Don Keelan: Embezzlement continues to flourish

Editor’s note: This commentary is by Don Keelan, a certified public accountant and resident of Arlington. The piece first appeared in the Bennington Banner.

Certain sectors of the Vermont economy have not recovered to pre-Great Recession levels – notably, new residential construction, as well as manufacturing. However, there is one sector which has even advanced – the embezzlement sector. As you are reading this column, someone, somewhere, is at work embezzling.

According to the 2013 Marquet Report on Embezzlement and its 50-page review of approximately 550 national cases (each with over $100,000 of funds stolen), Vermont continues to lead the nation in embezzlement per capita.

More recently, in January of this year, Vermont Public Radio’s Jane Lindholm and Devin Karambelas asked, “So why has Vermont landed at the top of the list so frequently?” and noted that “Marquet [Chris Marquet is the CEO of Marquet International] explains that there are several factors to Vermont’s high embezzlement rates. His study showed that the types of industries most affected by embezzlement were financial institutions, government entities, nonprofit organizations and small businesses.”

As many of the readers of this column have noted, this is not the first time that this author has highlighted the rash of embezzlements that have been inflicted on government entities, small businesses, and nonprofits in Vermont. However, what is different within the past three years, and most disturbing, is that embezzlement has spilled over to another sector – one that embraces fiduciary responsibilities.

According to an article by attorneys Paula McCann, Ron Morgan and John Newman in the June 2012 issue of the Vermont Bar Journal, “… we may well be on our way to another dubious number one ranking: for thefts by fiduciaries from estates of all types – guardianships, decedents estates and by agents acting under powers of attorney.”

State authorities need to see embezzlement, as well as income tax evasion, as a serious crime, and deal with it accordingly – as opposed to treating it as a “victimless crime,” as so many of our state’s attorneys have done for too long.


In May of this year, the Bennington County Bar Association devoted a morning session of their continuing legal education to the topic – “Thefts from Estates/Elders and Vulnerable Adults.”

A month earlier, in a commentary by, Bernie Weisenfeld quoted Gloucester County Prosecutor Sean F. Dalton, “This problem [elder abuse] is only going to increase as Baby Boomers become senior citizens.”

So what can be done about the rash of embezzlements in Vermont that hasn’t already been done?

While trusting someone with one’s financial matters provides a wonderful “feeling,” it is not an internal control – we need verification and we need to be diligent and consistent. Verification is not being accomplished, primarily because most small organizations don’t have the funds in which to do so.

Another needed deterrent is for state authorities to see embezzlement, as well as income tax evasion, as a serious crime, and deal with it accordingly – as opposed to treating it as a “victimless crime,” as so many of our state’s attorneys have done for too long.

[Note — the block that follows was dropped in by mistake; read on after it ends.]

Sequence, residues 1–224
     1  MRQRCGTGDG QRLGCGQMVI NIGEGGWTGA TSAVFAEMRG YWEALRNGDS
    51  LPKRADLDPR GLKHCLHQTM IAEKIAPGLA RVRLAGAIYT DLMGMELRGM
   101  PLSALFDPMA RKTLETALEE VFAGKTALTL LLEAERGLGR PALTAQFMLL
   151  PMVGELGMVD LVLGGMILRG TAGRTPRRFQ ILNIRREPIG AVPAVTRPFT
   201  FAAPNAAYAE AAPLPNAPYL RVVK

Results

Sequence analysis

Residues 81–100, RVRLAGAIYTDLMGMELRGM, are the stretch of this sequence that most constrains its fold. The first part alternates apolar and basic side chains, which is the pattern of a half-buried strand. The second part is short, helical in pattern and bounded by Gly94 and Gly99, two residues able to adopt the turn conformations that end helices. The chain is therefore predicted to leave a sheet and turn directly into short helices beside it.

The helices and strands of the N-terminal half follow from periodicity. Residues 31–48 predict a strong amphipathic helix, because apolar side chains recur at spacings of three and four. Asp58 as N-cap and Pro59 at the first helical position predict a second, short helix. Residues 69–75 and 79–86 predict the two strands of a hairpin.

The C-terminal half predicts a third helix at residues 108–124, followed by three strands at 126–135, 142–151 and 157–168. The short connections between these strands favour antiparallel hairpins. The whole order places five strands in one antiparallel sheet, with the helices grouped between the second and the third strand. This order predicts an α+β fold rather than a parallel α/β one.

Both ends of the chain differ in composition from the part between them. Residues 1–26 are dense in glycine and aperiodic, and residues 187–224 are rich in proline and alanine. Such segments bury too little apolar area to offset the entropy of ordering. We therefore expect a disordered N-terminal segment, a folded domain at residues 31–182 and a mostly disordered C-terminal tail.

By far, the most important avenue of assistance could come from my profession, the Vermont Society of CPAs – all 800 of us. While I am aware that a company’s CPA is not required to detect embezzlement/fraud when doing an audit or other work for a client, there are some things that could be accomplished.

The Vermont CPA profession should be at the forefront in speaking out on the issue of embezzlement; its silence over the years has been noticeable. Also, when a CPA is meeting with a small business or a nonprofit client, he or she should take the time to discuss the organization’s internal controls (or lack thereof) and make recommendations – even if such was not part of their engagement. And for so many nonprofits and small government entities, the CPA profession should reach out and volunteer its services; it would make an impact.

And just in from the Burlington Free Press: “A Windsor County women embezzled nearly $700,000 from a law firm and also wrote several bogus checks to the Vermont Department of Taxes as part of an ongoing fraud, according to a new federal indictment.”

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  • Question regarding “Vermont continues to lead the nation in embezzlement per capita”: does this mean there are more embezzlers per capita or there is more dollars embezzled per capita? If it is the latter the number is somewhat meaningless as of course a single $500,000 embezzlement will have a much greater per capita effect in Vermont then it would in California.

    I would like to point out an area that according to a now several years old state Auditor report our public school system has essentially been embezzlement free. I have no doubt in my mind this is due in greater part to the large number of elected school board members overseeing the system, and in lesser part to the requirement for annual audits.

  • William Hays

    The “Progressive Platform”.

  • David Miskell

    I have 3 close friends who have been ripped off (embezzled) by their employees. Two embezzlers were very close friends. They will never get back their stolen funds. One suggestion is to require all embezzlers to purchase life insurance policies that cover such theft amounts upon their deaths.

  • Wayne Andrews

    To add insult to injury most of these embezzlers end up going on disability for mental problems and their monthly disability check is exempt from attachment.

    • Annie Stratton

      I’m curious about what the source is for that claim.

      • Wayne Andrews

        Try looking up 11 US Code Section 522 (d) 10 (c)